Drought History….

Yes, I’m still working on the model stuff. And yes, I’m busy trying to teach myself R. In the mean time, I felt like sharing this with you: The Drought History of the US:

% Area of the US Moderately to Extremely Dry (red) and Severely to Extremely Dry (Orange).
Just so that there is a hypothesis test here: Did anyone hypothesize that AGW would cause more droughts in the US? If so, I think this is enough to invalidate that idea.

But I doubt anyone familiar with the actual data or science would make such a silly claim. So it was probably Al Gore.




And yes we are getting wetter. Bad? I don’t think so. But people are welcome to spurn rain if they wish.


3 Responses to “Drought History….”

  1. Tony Hansen Says:

    What are their definitions of moderate and extreme?
    I am at a bit of a loss to define what is or is not a drought. When gov depts start talking 1 in 20 year events it seldom seems to fit the on ground stuff, eg a 50% deficit in 24 months gets a badge but not a 70% deficit in 20 months or a 45% deficit in 36 months. Your thoughts?

  2. timetochooseagain Says:

    Tony- NOAA comments extensively on how drought is measured and the difficulties:


    ” A drought is defined as “a period of abnormally dry weather sufficiently prolonged for the lack of water to cause serious hydrologic imbalance in the affected area.” -Glossary of Meteorology (1959).

    In easier to understand terms, a drought is a period of unusually persistant dry weather that persists long enough to cause serious problems such as crop damage and/or water supply shortages. The severity of the drought depends upon the degree of moisture deficiency, the duration, and the size of the affected area.

    There are actually four different ways that drought can be defined.

    Meteorological-a measure of departure of precipitation from normal. Due to climatic differences, what might be considered a drought in one location of the country may not be a drought in another location.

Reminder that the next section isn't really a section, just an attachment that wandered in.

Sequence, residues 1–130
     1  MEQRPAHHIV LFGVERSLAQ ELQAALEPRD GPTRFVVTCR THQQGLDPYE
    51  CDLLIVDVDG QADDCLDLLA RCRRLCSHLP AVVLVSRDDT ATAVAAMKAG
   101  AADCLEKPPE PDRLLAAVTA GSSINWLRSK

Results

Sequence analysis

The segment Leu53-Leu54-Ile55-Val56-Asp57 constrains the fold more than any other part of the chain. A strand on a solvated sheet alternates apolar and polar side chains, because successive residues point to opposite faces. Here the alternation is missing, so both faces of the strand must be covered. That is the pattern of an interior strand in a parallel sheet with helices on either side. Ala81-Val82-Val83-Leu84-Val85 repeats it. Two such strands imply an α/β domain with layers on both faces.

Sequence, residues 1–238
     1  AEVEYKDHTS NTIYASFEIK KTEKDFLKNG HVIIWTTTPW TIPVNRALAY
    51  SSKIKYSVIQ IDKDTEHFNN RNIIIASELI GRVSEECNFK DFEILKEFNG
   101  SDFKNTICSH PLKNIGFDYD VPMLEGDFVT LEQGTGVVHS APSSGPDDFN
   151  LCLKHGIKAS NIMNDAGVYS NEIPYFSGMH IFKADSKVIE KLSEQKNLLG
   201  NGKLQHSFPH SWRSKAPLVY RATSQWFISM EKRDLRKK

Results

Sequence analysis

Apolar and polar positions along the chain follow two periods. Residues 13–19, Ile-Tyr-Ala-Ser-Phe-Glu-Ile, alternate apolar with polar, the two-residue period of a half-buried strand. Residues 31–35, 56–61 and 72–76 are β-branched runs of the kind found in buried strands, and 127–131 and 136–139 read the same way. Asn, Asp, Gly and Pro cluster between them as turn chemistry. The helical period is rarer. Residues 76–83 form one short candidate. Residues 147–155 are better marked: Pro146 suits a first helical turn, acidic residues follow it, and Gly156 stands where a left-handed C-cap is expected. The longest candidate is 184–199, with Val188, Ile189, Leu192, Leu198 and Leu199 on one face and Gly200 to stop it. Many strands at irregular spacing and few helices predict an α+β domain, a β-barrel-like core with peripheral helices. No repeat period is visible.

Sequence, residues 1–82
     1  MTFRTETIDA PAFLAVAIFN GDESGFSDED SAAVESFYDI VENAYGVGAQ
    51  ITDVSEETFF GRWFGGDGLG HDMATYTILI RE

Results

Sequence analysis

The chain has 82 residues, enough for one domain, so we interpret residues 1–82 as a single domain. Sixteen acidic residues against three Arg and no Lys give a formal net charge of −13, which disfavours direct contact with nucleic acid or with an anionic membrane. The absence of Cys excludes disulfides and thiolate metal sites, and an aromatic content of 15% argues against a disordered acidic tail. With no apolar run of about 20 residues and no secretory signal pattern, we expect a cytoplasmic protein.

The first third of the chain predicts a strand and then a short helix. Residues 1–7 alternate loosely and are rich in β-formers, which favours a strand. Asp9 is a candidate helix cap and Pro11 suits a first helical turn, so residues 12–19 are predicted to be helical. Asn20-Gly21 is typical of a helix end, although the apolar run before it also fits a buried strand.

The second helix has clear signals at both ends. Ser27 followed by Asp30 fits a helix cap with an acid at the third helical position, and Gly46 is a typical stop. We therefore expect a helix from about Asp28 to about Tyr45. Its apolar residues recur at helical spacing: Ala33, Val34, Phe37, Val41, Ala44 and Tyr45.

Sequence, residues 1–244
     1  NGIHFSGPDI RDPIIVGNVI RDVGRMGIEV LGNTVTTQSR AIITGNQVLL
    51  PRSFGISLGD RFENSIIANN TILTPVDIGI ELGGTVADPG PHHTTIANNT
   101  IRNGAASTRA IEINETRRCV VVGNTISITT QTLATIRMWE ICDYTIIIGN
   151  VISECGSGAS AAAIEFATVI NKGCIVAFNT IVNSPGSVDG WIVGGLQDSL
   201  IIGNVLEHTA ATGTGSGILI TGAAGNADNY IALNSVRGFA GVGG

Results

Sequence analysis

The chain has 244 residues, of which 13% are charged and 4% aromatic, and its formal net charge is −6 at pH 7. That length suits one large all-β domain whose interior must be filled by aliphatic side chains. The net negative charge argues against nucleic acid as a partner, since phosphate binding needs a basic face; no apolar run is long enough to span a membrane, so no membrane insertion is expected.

Agricultural-refers to a situation where the amount of moisture in the soil no longer meets the needs of a particular crop.

    Hydrological-occurs when surface and subsurface water supplies are below normal.

    Socioeconomic-refers to the situation that occurs when physical water shortages begin to affect people.

    So what counts as a drought is highly dependent on how it is defined. That is of course rather problematic. My understand is that the source I use for these graphs:


    Use the Palmer Drought Index, which, according to wiki is:

    “The Palmer Drought Index is based on a supply-and-demand model of soil moisture. Supply is comparatively straightforward to calculate, but demand is more complicated as it depends on many factors – not just temperature and the amount of moisture in the soil but hard-to-calibrate factors including evapotranspiration and recharge rates. Palmer tried to overcome these difficulties by developing an algorithm that approximated them based on the most readily available data — precipitation and temperature.

    The index has proven most effective in determining long-term drought — a matter of several months — and not as good with conditions over a matter of weeks. It uses a 0 as normal, and drought is shown in terms of minus numbers; for example, minus 2 is moderate drought, minus 3 is severe drought, and minus 4 is extreme drought. Palmer’s algorithm also is used to describe wet spells, using corresponding positive numbers. Palmer also developed a formula for standardizing drought calculations for each individual location based on the variability of precipitation and temperature at that location. The Palmer index can therefore be applied to any site for which sufficient precipitation and temperature data is available.”


    I hope that helps.

  3. Tony Hansen Says:

    Thanks Andrew – much appreciated.

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